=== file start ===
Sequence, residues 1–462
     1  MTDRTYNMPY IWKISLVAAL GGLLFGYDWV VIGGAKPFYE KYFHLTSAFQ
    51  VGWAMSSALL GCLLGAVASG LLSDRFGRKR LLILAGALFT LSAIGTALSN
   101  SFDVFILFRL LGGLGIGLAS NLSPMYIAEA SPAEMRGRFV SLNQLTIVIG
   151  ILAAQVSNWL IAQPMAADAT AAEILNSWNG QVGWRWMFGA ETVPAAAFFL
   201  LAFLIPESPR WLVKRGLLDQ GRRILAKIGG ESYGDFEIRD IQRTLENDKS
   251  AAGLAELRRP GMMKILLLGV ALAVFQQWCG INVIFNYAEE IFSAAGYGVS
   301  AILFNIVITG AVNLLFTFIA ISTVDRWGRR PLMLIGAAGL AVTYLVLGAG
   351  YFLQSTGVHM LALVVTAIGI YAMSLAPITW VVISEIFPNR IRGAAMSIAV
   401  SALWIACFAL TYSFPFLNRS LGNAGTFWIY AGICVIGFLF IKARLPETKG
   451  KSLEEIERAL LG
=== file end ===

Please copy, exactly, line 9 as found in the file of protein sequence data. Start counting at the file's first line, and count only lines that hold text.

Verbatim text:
   351  YFLQSTGVHM LALVVTAIGI YAMSLAPITW VVISEIFPNR IRGAAMSIAV